By Jason Menard
Supporting a casino doesn’t mean you’re doubling down on vice. Nor do we need to hedge our bets. Instead, if we gamble responsibly, a new casino could be a productive addition to our community.
But to make this a winning hand, we have to make sure we’re playing the right game at the right table.
If I suggested that supporting the continued existence of licensed bars and the LCBO means that you’re pro deaths caused by drinking and driving, you’d either laugh uproariously or reevaluate any credibility I may have earned.
Yet that’s exactly the type of hyperbolic doomsday scenario that many opponents to a casino project in London are using.
The expansion of the existing casino at the Western Fair, or the building of a new one, is on the table, but opponents to the project will have you believe that a rash of personal bankruptcies, problem gamblers, and crime resulting from these problems will be the overwhelming consequences.
Much of the discussion has revolved around the expansion of the current facilities at the Western Fair. And, as per usual, those exclusively focused on downtown development as the sole harbinger of municipal growth chimed in suggesting that any casino must be placed in the core. However, there are many other options — and the best idea may be a little further afield.
For the most part, casinos aren’t placed in a metropolitan area’s downtown core. The Toronto-area’s Rama casino is far afield; Casino de Montreal has repurposed the old Expo ‘67 area, but is still a challenge to get to from the downtown core; Ottawa’s casino is off in Hull — again, farther afield but next to the highway.
In the south end of the city, there’s an incredible opportunity for a casino development. Right now there are a number of hotel properties which have been built over the past decade. Currently, they’re performing at nowhere near capacity. There are commercial properties in the area that are chronically underused — the Crossroads Centre at Exeter and Wellington or the old Superstore Mall facility that houses the old London Gardens/Ice House.
Developing a casino property there may help those hotel properties and take advantage of the proximity of the 401/402 highway system.
We have the facilities, we have the support hotel network in place (along with shopping/dining options), and we have a convenient highway.
So tell me again why it would make more sense to have a casino in the core?
And as to the argument that a casino would bring about the worst in our humanity, I’d suggest that picking and choosing our vices is a dangerous game. There are those for whom alcohol has ruined not only their own lives, but the lives of innocent others. Many tolerate recreational marijuana use, yet there are those whose lives have been irreparably damaged by this allegedly “safer” drug.
On the other hand, there are many more people who responsibly enjoy a drink now and again. There are those who play a little puff, puff, pass on the weekend to no detriment to their lives, their jobs, or their families.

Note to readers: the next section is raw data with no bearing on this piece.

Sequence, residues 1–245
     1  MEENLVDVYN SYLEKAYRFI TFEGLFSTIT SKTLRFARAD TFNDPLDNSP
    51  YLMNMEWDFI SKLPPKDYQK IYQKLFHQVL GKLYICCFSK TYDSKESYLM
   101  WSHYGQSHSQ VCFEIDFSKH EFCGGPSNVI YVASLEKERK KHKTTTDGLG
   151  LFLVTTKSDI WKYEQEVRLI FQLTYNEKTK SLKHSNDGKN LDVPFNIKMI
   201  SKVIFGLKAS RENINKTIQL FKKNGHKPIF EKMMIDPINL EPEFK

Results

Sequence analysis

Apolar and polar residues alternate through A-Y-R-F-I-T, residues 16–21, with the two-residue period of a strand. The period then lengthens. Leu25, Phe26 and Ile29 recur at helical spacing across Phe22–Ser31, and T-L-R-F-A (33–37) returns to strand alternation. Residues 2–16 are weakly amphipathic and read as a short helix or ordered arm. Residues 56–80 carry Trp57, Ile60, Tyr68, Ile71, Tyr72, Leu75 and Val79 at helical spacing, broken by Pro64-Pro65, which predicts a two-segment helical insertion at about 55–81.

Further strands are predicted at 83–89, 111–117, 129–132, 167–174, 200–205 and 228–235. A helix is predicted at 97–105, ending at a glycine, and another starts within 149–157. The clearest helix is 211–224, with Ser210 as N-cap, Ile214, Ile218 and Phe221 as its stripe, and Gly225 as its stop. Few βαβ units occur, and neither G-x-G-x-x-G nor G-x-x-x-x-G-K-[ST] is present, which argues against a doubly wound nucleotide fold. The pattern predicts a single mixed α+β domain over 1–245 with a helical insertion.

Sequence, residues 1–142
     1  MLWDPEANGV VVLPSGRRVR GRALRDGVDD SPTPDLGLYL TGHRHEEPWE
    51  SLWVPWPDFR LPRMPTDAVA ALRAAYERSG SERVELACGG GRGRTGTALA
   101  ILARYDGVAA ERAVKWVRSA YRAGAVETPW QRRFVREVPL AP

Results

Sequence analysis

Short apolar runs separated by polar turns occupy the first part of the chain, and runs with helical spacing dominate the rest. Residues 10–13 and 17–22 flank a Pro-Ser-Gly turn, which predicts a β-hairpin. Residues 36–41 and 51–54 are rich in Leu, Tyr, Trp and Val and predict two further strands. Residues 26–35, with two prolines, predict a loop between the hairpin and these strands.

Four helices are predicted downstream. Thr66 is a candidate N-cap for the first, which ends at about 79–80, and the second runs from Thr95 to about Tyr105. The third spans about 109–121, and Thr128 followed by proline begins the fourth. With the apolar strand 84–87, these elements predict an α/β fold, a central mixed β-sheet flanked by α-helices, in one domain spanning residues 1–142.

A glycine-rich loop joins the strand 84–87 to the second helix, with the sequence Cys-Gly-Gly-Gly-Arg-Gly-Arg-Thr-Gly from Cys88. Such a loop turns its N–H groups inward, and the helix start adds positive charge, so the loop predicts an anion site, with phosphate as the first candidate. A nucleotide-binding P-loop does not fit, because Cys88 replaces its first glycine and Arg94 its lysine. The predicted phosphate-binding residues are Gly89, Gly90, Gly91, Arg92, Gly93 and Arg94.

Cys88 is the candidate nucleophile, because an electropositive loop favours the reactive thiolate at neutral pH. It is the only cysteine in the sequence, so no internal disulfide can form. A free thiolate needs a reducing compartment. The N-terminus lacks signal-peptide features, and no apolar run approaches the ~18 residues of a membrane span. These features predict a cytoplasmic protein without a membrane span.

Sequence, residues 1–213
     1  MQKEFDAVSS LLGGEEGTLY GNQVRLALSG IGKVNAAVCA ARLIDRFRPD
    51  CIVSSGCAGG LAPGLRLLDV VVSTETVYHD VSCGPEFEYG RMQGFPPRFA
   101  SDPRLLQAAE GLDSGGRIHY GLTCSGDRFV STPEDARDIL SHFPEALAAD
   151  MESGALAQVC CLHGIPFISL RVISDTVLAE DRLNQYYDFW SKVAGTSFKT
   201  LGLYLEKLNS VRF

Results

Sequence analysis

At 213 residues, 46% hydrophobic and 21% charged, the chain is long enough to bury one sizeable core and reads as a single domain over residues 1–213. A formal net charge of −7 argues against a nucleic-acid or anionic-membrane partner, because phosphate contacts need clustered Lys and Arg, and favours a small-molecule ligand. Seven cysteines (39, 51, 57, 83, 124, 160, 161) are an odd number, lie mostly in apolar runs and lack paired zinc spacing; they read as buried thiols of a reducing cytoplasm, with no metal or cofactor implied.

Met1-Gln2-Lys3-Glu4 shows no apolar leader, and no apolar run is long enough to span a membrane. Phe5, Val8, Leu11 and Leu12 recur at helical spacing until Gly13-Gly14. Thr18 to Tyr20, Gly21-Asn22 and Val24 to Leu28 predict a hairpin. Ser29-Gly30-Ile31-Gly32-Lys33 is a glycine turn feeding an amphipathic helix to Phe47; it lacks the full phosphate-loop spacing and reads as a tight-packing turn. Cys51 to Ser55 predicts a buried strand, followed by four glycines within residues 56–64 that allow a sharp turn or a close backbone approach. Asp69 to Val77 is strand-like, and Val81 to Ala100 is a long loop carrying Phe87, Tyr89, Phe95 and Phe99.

And there are those who enjoy a night at the casino, set gambling limits, and play responsibly.
It all comes down to personal responsibility. If we’re so willing to accept that argument for alcohol, tobacco, and (for some) recreational drugs, why is a vice like gambling so much worse? I’ve yet to see anyone drive a craps table into oncoming traffic and kill a family of four.
I don’t believe in the “people are going to do it anyway, let’s make it legal and tax it” argument. But I do believe that a licensed casino will do a better job of supporting problem gamblers by returning a portion of the proceeds to the community and effectively training staff to recognize people at risk. They certainly will do a better job than the illegal bookies and oddsmakers that currently exist.
Perhaps there would be some ancillary benefits to the community. Many lament the lack of entertainment facilities and a casino project can help fill some of that void. A couple of months ago, I went with my family to Niagara Falls, ON. We walked through the casino and noticed marquees advertising night after night of performances — singers, dancers, and magicians.
These are acts that are too small for a Budweiser Gardens that would welcome a 1,500-3,000-seat theatre environment.
Yes, casinos can be sad environments. Walking through seeing seniors plugged into slots courtesy of a loyalty card attached to their waist can be discouraging. And, yes, some people will make mistakes.
But there are many more people who will act responsibly. There are many more people who will enjoy the option. And, maybe, there will be many people who will see London as a viable weekend destination to come see a show, spend a night or two at a quality south-end hotel, and do a little shopping at White Oaks Mall.
Sure, it’s not downtown. But as any gambler (or — if you find the reference more palatable — financial planner) will advise you, your best bet for long-term success is diversification of your assets.
A casino project may be a gamble. But it’s one that can be done responsibly — especially if we play the right hand on the right table. A table that may not be located at the Western Fair or downtown.
I’m not a fan of gambling but I believe that adults should be able to do as they please with their money. But I strongly oppose the knee-jerk reaction to put the casino, along with everything else, downtown. Western Fair seems like the most logical location but you suggestion of the South end of the city is quite a good one. The proximity of the 401 along with many old and new hotels makes this a logical location if this is to be for tourism and not just to expunge welfare cheques.
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